• Feasibility of antiretroviral therapy initiation under the treat‐all policy under routine conditions: a prospective cohort study from Eswatini

      Kerschberger, B; Jobanputra, K; Schomaker, M; Kabore, SM; Teck, R; Mabhena, E; Lukhele, N; Rusch, B; Boulle, A; Ciglenecki, I (Wiley Open Access, 2019-10-24)
      Introduction The World Health Organization recommends the Treat‐All policy of immediate antiretroviral therapy (ART) initiation, but questions persist about its feasibility in resource‐poor settings. We assessed the feasibility of Treat‐All compared with standard of care (SOC) under routine conditions. Methods This prospective cohort study from southern Eswatini followed adults from HIV care enrolment to ART initiation. Between October 2014 and March 2016, Treat‐All was offered in one health zone and SOC according to the CD4 350 and 500 cells/mm3 treatment eligibility thresholds in the neighbouring health zone, each of which comprised one secondary and eight primary care facilities. We used Kaplan–Meier estimates, multivariate flexible parametric survival models and standardized survival curves to compare ART initiation between the two interventions. Results Of the 1726 (57.3%) patients enrolled under Treat‐All and 1287 (42.7%) under SOC, cumulative three‐month ART initiation was higher under Treat‐All (91%) than SOC (74%; p < 0.001) with a median time to ART of 1 (IQR 0 to 14) and 10 (IQR 2 to 117) days respectively. Under Treat‐All, ART initiation was higher in pregnant women (vs. non‐pregnant women: adjusted hazard ratio (aHR) 1.96, 95% confidence interval (CI) 1.70 to 2.26), those with secondary education (vs. no formal education: aHR 1.48, 95% CI 1.12 to 1.95), and patients with an HIV‐positive diagnosis before care enrolment (aHR 1.22, 95% CI 1.10 to 1.36). ART initiation was lower in patients attending secondary care facilities (aHR 0.64, 95% CI 0.58 to 0.72) and for CD4 351 to 500 when compared with CD4 201 to 350 cells/mm3 (aHR 0.84, 95% CI 0.72 to 1.00). ART initiation varied over time for TB cases, with lower hazard during the first two weeks after HIV care enrolment and higher hazards thereafter. Of patients with advanced HIV disease (n = 1085; 36.0%), crude 3‐month ART initiation was similar in both interventions (91% to 92%) although Treat‐All initiated patients more quickly during the first month after HIV care enrolment. Conclusions ART initiation was high under Treat‐All and without evidence of de‐prioritization of patients with advanced HIV disease. Additional studies are needed to understand the long‐term impact of Treat‐All on patient outcomes.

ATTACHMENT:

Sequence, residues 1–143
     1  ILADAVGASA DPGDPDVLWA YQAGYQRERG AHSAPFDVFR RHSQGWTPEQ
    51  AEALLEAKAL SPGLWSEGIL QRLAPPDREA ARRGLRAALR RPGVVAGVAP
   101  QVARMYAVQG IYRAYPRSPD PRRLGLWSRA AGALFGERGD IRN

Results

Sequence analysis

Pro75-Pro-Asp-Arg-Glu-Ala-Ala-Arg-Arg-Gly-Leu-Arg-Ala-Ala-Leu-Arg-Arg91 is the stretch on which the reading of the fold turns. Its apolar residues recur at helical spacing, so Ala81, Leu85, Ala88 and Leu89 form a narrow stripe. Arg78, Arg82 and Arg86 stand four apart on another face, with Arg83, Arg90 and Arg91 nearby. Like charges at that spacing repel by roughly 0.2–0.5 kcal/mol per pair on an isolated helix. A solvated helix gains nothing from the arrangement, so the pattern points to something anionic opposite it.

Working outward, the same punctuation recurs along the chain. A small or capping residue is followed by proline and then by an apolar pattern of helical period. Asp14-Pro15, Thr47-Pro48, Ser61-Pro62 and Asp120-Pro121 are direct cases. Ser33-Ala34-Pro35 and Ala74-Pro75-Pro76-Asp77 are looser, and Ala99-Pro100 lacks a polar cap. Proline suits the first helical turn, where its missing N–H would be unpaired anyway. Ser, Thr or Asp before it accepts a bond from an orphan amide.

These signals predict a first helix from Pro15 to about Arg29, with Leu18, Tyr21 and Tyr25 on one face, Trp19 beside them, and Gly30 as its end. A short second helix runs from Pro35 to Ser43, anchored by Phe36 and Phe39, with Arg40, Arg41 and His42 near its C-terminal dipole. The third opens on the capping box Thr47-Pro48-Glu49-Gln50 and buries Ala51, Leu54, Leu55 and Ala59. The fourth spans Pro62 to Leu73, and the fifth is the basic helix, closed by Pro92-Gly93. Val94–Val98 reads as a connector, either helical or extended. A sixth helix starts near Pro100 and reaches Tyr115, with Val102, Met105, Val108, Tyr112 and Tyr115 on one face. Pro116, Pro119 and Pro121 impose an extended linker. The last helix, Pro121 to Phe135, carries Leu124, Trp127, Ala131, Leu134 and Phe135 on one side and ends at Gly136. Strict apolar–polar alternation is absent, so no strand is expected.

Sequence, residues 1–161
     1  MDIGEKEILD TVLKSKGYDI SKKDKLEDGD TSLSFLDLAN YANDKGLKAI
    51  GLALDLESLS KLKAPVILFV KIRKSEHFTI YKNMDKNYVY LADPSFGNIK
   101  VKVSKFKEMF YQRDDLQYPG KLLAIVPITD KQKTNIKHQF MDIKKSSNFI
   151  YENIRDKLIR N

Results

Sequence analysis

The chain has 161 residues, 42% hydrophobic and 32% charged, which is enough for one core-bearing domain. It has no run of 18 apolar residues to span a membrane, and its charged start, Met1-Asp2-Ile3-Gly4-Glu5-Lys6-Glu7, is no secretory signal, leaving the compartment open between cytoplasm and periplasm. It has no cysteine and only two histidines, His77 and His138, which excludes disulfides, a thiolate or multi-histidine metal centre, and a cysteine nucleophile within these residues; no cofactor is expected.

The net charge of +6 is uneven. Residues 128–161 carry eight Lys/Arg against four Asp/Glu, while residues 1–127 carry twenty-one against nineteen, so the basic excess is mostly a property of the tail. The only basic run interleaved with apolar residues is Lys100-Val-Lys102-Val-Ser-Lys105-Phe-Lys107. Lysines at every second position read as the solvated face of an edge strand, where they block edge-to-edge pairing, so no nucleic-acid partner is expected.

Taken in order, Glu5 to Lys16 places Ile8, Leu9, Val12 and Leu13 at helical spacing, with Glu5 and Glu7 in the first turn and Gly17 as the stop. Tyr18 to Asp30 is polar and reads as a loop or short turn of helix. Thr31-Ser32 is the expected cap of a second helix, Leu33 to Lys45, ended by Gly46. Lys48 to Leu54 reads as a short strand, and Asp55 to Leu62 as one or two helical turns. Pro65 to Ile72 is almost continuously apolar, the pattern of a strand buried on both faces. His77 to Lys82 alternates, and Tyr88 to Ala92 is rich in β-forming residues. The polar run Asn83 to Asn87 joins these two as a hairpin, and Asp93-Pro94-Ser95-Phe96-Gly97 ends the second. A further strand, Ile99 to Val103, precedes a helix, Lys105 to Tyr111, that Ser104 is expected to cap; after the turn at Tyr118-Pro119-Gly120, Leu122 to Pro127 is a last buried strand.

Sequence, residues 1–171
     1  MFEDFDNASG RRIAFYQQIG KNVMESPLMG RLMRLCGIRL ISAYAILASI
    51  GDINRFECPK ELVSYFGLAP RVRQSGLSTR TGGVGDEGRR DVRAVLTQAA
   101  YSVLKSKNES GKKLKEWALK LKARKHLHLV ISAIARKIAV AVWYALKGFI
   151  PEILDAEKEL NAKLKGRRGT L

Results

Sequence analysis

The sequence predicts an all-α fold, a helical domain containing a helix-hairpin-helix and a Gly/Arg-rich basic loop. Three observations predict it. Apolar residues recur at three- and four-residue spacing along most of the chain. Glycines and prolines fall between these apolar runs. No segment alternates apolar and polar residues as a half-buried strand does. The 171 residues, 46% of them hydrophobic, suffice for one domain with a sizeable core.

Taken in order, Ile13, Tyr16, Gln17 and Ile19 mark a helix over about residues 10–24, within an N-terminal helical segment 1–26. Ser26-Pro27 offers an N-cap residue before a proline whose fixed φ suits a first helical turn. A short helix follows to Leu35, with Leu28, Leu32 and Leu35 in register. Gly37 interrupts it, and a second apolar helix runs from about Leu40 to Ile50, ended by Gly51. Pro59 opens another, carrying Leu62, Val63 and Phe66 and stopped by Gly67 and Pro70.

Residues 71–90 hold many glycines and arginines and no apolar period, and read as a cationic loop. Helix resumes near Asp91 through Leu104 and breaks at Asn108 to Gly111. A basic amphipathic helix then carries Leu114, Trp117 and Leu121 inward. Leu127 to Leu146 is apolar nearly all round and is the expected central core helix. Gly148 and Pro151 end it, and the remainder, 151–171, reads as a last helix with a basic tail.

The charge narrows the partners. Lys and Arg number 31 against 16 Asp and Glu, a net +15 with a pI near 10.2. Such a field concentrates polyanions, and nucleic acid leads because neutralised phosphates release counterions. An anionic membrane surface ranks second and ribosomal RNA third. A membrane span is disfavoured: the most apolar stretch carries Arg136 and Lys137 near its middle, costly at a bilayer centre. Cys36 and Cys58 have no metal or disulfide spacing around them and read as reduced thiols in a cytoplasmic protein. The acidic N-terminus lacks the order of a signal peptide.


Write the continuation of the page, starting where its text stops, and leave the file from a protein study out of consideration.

• Retention in care among clinically stable antiretroviral therapy patients following a six-monthly clinical consultation schedule: findings from a cohort study in rural Malawi

      Wringe, A; Cawley, C; Szumilin, E; Salumu, L; Amoros Quiles, I; Pasquier, E; Masiku, C; Nicholas, S (Wiley Open Access, 2018-11)
      Longer intervals between clinic consultations for clinically stable antiretroviral therapy (ART) patients may improve retention in care and reduce facility workload. We assessed long-term retention among clinically stable ART patients attending six-monthly clinical consultations (SMCC) with three-monthly fast-track drug refills, and estimated the number of consultations "saved" by this model of ART delivery in rural Malawi.
    • Successes and challenges in optimizing the viral load cascade to improve antiretroviral therapy adherence and rationalize second-line switches in Swaziland

      Etoori, D; Ciglenecki, I; Ndlangamandla, M; Edwards, CG; Jobanputra, K; Pasipamire, M; Maphalala, G; Yang, C; Zabsonre, I; Kabore, SM; et al. (Wiley Open Access, 2018-10-22)
      As antiretroviral therapy (ART) is scaled up, more patients become eligible for routine viral load (VL) monitoring, the most important tool for monitoring ART efficacy. For HIV programmes to become effective, leakages along the VL cascade need to be minimized and treatment switching needs to be optimized. However, many HIV programmes in resource-constrained settings report significant shortfalls.
    • Successes and gaps in the HIV cascade of care of a high HIV prevalence setting in Zimbabwe: a population-based survey.

      Conan, N; Coulborn, RM; Simons, E; Mapfumo, A; Apollo, T; Garone, DB; Casas, EC; Puren, AJ; Chihana, ML; Maman, D (Wiley Open Access, 2020-09-24)